Episodes 1 and 2 of Foundation, Apple’s epic adaptation of Isaac Asimov’s acclaimed novels, work to tackle the show’s biggest challenge: Showcasing a massive, galactic empire and the trouble that it’ll eventually find itself in. In the show’s first couple of minutes, writers David S. Goyer and Josh Friedman made an interesting choice for the first scene of the series: It takes place long after the initial events of the story begin, before the series rockets back and works its way forwards.
In fact, the first two episodes of Foundation, which premiered together on Friday, hop around to four different time periods and as many locations. Keeping it all straight takes a sense of Asimov’s greater world.
[Ed. note: This piece contains spoilers for the first two episodes of Foundation on Apple TV Plus.]
Foundation’s timeline, and when it all ‘takes place’
If you’ve never read Asimov’s Foundation, it’s Asimov’s take on the fall of the Roman Empire … in space! Set in the very distant future, humanity has expanded its presence to inhabit much of the galaxy, and for thousands of years and generations, it’s been held together by the Galactic Empire, which controls more than 25 million planets, ruling over tens of billions of people. That civilization is in its waning days, and a mathematician named Hari Seldon predicts that it will collapse in a matter of centuries, and that if humanity wants to stave off 30,000-year dark age, someone will have to take some drastic steps to not prevent the collapse, but to shorten it to just a handful of generations.
That’s a lot of ground to cover, and as Apple’s series opens, we’re treated to a quick voiceover from a character named Gaal Dornick as the camera settles on a bleak-looking world called Terminus. Gaal notes that she never came across the world, an unsettled planet at the furthest reaches of known space, until many years later when it became part of her own story.
But this scene is really here to introduce Salvor Hardin, warden of Terminus, as she saves some misbehaving kids from a mysterious floating structure with some kind of mental distortion field around it. Gaal’s narration says that Salvor will become important in the events that come to pass, and then we leap 35 years into the past to the actual chronological beginning of the series.
This brings us in line with the beginning of Foundation, the first novel in Asimov’s series: Now we actually get to meet Gaal, a young woman who’s been summoned to Trantor by Seldon. Her arrival sets a series of Seldon-predicted events into motion, and they are summoned before the ruler(s) of the Empire.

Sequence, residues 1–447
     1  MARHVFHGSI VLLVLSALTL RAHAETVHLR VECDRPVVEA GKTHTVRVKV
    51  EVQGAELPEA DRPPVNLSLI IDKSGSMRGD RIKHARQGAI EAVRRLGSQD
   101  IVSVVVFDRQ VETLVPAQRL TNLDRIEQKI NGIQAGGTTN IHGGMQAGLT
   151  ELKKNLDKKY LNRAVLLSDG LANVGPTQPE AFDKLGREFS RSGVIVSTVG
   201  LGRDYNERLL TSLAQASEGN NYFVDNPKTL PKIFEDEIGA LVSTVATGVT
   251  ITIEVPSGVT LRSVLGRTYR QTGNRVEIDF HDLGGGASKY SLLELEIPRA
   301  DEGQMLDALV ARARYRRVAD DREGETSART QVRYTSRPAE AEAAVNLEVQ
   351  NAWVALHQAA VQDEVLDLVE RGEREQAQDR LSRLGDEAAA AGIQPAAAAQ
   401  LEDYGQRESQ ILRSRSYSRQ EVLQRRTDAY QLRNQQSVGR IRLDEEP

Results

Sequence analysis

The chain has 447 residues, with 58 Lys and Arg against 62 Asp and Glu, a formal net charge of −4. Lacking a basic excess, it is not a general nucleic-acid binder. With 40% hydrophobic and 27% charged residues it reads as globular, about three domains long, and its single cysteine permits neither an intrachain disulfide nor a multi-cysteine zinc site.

Lee Pace’s Empire clones and the time jump to Terminus
That is, a trio of clones of the Empire’s original leader, Dawn (the youngest, who’ll eventually become ruler, played by Cassian Bilton), Day (the middle-aged current ruler, played by Lee Pace), and the elderly Dusk, (played by Terrence Mann) — all various versions of the same person. The conflict between Seldon and Day sets the events of the series into motion: Rather than kill and martyr him, Day exiles Seldon’s followers to Terminus, where they can create their galactic encyclopedia.
But Day refuses to let them go by jumpship — which means we spend a chunk of episode 2 traveling with them (relatively) slowly through space to the very place we saw at the very beginning of episode 1. But we keep checking in on Trantor past and “present.”
The origin of Brothers Dawn, Day, and Dusk is shown with a thousand-year flashback featuring the very first emperor, who started the whole emperor-cloning tradition in the first place. His unchanging “genetic dynasty” is an externalization of an empire too inflexible to weather the coming storm, and destined to fall.
Such time jumps are an intrinsic part of the original Foundation stories. Asimov originally wrote them back in the 1940s and 1950s, following Seldon and his efforts to set up the Foundation, and then following their descendants through time as the galaxy crumbles into darkness. The first book consists of five stories, and after the first one, “The Psychohistorians”, the next story, “The Encyclopedists,” is set fifty years later. The next (“The Mayors”) is set 30 years later — 80 years after the first story — the fourth (The Traders) is set 135 years after the start of the novel, and the last (“The Merchant Princes”) is set 155 years after the book starts. The other novels in Asimov’s initial trilogy, Foundation and Empire, and Second Foundation, also take some big leaps between installments.
Presumably, the series will continue these decade-long leaps back and forth in time as the season (and, potentially, followup seasons) charts the fall of the Galactic Empire, and the rise of the Foundation and its efforts to rebuild the galaxy’s civilization. After all, David S. Goyer says he has a plan for eight seasons and 80 episodes. That’ll be helped a bit by the fact that Pace, Bilton, and Mann are all clones: It’s a convenient way to keep at least one — or three — familiar faces around as the show moves forward into the future.